Brewing tea for fun and consumption of copious quantities of time
The occasional visitor to or expat in China gets called something that translates to “more Chinese than the Chinese”. Context and tone are very important when you hear this phrase. It can be used in a derisory sense as it would be directed at, say, a westerner who walks around in Hanfu and tries, too hard, to act in the way he perceives the Chinese to act. It can, however, also be used in an admiring sense in which a non-Chinese demonstrates deep understanding of and appreciation for Chinese culture.
I have twice been called this in the admiring sense. The second time was in relation to making tea.
“Kung fu” tea
The term “kung fu” in China has little to do with martial arts (except that martial arts is one area in which one can show kung fu). Any skill that takes effort to master is, upon mastering it, showing “kung fu” (or, rather more accurately, “gongfu”). Making tea the right way is a skill that takes effort to master. There is, thus, a ”功夫茶” (literally “kung fu tea”) ceremony that is used to make, in my experience, the best tea even conceivable.
I thought I’d spend a bit of time today teaching how to make this tea. Of course, as with anything worth learning, this is going to be complicated, difficult and entirely worth your time to learn.
The tools of the trade
No, that photo is not of a set of torture utensils. That is a very complete tea set. For the full experience you will need a set about that complete. You can ditch the three figurines; you can lose the three-part cup at the right rear of the tray if you’re not making green tea; you can omit the bowl at the front left (although you’ll be happy if you have it).
In addition to the tea set, you will also need:
- a supply of good-quality water; it can’t be soft water and it can’t be too hard (spring water is ideal)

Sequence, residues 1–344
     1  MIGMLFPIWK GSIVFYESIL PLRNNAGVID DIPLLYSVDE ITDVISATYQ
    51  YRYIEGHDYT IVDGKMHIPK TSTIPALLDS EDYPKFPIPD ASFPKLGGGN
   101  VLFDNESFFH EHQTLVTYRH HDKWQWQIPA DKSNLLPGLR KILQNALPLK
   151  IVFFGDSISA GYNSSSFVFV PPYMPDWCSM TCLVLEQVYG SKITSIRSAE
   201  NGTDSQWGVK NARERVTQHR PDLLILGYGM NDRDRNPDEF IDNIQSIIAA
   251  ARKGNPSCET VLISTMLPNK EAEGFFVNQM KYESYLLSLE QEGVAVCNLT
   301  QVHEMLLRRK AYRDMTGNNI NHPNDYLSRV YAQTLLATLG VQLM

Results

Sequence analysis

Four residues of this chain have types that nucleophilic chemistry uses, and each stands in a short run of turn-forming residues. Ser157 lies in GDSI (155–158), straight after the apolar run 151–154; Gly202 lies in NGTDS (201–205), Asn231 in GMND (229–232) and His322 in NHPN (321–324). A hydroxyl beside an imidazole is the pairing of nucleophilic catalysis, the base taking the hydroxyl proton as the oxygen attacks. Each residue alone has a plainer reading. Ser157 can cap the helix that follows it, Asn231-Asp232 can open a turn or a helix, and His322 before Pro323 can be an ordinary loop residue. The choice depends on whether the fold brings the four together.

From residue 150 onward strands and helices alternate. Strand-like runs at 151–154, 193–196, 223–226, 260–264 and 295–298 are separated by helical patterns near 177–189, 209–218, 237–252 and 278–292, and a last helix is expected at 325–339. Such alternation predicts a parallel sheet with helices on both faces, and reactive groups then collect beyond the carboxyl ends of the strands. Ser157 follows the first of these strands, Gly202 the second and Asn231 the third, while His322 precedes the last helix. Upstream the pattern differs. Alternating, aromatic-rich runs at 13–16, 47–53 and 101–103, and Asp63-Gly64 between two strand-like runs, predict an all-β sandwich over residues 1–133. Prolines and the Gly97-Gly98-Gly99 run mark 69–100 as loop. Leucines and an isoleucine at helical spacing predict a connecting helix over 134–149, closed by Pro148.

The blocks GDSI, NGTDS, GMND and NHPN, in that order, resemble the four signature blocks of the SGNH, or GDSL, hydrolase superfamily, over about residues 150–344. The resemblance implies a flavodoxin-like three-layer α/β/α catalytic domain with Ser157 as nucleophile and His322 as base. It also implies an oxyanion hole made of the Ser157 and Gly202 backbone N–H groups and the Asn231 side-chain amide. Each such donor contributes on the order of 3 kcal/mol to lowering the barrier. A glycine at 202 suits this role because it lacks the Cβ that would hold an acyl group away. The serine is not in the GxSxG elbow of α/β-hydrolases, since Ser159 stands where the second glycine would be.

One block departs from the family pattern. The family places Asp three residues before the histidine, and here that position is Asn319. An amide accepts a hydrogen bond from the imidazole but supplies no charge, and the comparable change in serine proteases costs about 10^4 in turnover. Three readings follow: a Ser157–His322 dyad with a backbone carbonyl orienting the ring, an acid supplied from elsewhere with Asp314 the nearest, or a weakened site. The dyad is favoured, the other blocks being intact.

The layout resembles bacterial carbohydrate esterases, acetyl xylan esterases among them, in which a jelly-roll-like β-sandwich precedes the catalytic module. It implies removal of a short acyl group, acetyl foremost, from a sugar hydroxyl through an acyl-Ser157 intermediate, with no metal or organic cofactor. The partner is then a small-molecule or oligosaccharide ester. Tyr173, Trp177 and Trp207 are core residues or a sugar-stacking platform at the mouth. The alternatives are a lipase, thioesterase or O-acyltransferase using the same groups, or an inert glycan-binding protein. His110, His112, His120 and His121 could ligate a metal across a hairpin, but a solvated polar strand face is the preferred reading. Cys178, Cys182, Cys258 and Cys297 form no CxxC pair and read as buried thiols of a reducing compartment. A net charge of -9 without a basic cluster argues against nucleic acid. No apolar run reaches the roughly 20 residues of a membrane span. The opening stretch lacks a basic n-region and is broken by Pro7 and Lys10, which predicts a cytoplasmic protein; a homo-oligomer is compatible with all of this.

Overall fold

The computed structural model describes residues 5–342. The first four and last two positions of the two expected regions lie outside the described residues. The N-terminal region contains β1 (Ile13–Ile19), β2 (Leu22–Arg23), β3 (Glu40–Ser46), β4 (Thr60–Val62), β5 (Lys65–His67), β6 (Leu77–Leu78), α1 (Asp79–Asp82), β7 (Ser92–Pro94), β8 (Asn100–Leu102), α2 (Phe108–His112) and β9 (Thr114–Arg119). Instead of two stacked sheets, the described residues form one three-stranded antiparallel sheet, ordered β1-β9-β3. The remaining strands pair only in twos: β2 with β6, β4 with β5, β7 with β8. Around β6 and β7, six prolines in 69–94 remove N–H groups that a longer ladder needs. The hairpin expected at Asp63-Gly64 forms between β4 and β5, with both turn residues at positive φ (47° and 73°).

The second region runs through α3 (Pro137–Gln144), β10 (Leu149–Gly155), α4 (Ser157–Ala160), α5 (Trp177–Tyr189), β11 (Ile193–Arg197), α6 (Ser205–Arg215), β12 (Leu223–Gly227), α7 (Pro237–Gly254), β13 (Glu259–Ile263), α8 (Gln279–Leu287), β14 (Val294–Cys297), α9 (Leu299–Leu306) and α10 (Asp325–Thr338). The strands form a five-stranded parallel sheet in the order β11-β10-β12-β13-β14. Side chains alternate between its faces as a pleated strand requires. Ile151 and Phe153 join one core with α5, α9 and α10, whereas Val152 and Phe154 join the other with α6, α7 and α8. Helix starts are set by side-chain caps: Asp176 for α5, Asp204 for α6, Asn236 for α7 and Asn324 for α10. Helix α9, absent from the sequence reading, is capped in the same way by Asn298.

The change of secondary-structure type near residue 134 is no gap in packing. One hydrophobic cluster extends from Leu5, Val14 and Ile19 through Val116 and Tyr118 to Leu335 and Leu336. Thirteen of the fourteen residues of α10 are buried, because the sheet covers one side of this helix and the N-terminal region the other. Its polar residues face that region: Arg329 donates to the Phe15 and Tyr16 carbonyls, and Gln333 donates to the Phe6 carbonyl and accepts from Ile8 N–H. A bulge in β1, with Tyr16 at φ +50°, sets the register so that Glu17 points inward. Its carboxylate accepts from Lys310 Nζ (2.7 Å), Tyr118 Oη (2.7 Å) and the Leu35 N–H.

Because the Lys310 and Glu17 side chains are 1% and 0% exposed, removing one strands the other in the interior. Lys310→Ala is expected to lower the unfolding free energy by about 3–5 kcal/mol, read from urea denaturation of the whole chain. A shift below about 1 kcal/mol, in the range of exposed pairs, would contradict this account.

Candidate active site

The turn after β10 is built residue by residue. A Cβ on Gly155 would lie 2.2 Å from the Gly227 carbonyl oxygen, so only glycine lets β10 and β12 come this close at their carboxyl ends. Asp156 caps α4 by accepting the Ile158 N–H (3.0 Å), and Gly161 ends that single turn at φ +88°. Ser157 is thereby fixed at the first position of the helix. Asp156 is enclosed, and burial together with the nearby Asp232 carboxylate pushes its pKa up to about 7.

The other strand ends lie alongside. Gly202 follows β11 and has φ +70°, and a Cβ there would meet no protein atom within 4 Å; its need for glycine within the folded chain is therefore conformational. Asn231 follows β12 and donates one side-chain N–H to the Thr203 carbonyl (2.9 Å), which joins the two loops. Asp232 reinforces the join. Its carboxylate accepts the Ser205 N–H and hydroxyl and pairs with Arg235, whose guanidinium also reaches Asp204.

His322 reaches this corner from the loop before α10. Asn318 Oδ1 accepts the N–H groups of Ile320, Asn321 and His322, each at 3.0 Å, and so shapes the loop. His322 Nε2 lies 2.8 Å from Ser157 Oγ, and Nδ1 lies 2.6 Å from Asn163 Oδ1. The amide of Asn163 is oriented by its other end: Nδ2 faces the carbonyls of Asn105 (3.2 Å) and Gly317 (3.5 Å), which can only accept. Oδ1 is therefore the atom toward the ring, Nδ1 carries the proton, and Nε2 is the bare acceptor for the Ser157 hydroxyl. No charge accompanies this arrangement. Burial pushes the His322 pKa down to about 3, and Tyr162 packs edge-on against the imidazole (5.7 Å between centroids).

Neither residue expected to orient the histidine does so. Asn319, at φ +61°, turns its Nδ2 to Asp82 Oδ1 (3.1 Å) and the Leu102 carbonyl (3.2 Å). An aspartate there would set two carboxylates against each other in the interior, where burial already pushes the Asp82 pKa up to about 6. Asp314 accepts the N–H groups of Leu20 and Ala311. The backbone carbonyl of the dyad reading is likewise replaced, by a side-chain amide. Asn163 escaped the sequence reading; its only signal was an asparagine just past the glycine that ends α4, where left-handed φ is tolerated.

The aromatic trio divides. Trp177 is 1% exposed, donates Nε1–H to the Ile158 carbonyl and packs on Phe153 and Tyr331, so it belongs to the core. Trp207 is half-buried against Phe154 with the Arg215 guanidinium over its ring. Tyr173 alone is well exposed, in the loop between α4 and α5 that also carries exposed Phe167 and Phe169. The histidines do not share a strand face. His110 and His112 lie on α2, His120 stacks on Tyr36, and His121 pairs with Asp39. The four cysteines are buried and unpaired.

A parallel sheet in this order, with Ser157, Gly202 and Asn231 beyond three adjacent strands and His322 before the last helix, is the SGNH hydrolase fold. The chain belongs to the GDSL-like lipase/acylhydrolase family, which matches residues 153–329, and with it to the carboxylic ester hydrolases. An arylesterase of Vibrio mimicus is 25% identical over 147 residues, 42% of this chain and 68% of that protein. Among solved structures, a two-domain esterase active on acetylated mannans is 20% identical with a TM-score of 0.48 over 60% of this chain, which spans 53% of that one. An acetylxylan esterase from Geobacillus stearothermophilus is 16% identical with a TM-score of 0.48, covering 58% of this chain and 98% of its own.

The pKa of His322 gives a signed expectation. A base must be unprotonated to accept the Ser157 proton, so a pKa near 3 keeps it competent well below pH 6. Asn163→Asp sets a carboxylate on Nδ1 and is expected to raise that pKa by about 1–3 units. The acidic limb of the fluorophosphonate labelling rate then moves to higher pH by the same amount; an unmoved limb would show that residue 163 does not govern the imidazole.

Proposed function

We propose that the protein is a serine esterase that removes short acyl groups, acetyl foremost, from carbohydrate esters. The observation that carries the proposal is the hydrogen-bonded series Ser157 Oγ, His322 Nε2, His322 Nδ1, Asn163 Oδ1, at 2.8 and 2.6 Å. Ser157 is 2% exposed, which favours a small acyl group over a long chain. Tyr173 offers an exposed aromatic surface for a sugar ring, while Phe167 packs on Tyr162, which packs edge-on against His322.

- a decent quality oolong or pu’er tea1
- a near-infinite supply of patience
There are two pots in the picture: one with a lid, one without. The one with the lid is the brewing pot. The one without a lid is the serving pot. You will need both for the full ceremony. Both pots should be made of terra cotta (Yixing’s “purple clay” is traditional, but any terra cotta should do fine). In a perfect tea-drinking world you’d have a separate pair of brewing and serving pots for every tea you brew. Realistically this isn’t likely to happen. Keeping a separate pair for each major grouping is fine: one pair for oolong, say, one pair for pu’er, etc.
There are six cups in this picture (the ones with tea in them). They’re very small. This is intentional. The kung fu tea ceremony is predicated upon frequently-flowing small doses of tea.
The cups should be made of terra cotta to help preserve some of the heat, but the best cups are terra cotta on the exterior and white ceramic on the interior. This permits people to more easily assess the colouration and quality of the ensuing liquor.
The drip tray (and optional waste bowl)
There will be drippings. You need the slotted tray to catch them. Some are just a tray and need to be frequently emptied. Others have a discretely-placed hose to redirect drippings into a larger container. If possible you’ll want one of those.